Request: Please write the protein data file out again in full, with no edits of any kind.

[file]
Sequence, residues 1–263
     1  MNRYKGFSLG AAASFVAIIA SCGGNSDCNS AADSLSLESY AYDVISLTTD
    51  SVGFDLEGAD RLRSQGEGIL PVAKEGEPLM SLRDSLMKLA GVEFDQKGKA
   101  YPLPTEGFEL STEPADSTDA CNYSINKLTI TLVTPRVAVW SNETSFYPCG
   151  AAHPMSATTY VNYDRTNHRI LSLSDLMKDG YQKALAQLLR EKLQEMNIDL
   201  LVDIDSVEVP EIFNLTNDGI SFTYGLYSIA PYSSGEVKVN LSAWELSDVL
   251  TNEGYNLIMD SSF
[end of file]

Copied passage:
Sequence, residues 1–263
     1  MNRYKGFSLG AAASFVAIIA SCGGNSDCNS AADSLSLESY AYDVISLTTD
    51  SVGFDLEGAD RLRSQGEGIL PVAKEGEPLM SLRDSLMKLA GVEFDQKGKA
   101  YPLPTEGFEL STEPADSTDA CNYSINKLTI TLVTPRVAVW SNETSFYPCG
   151  AAHPMSATTY VNYDRTNHRI LSLSDLMKDG YQKALAQLLR EKLQEMNIDL
   201  LVDIDSVEVP EIFNLTNDGI SFTYGLYSIA PYSSGEVKVN LSAWELSDVL
   251  TNEGYNLIMD SSF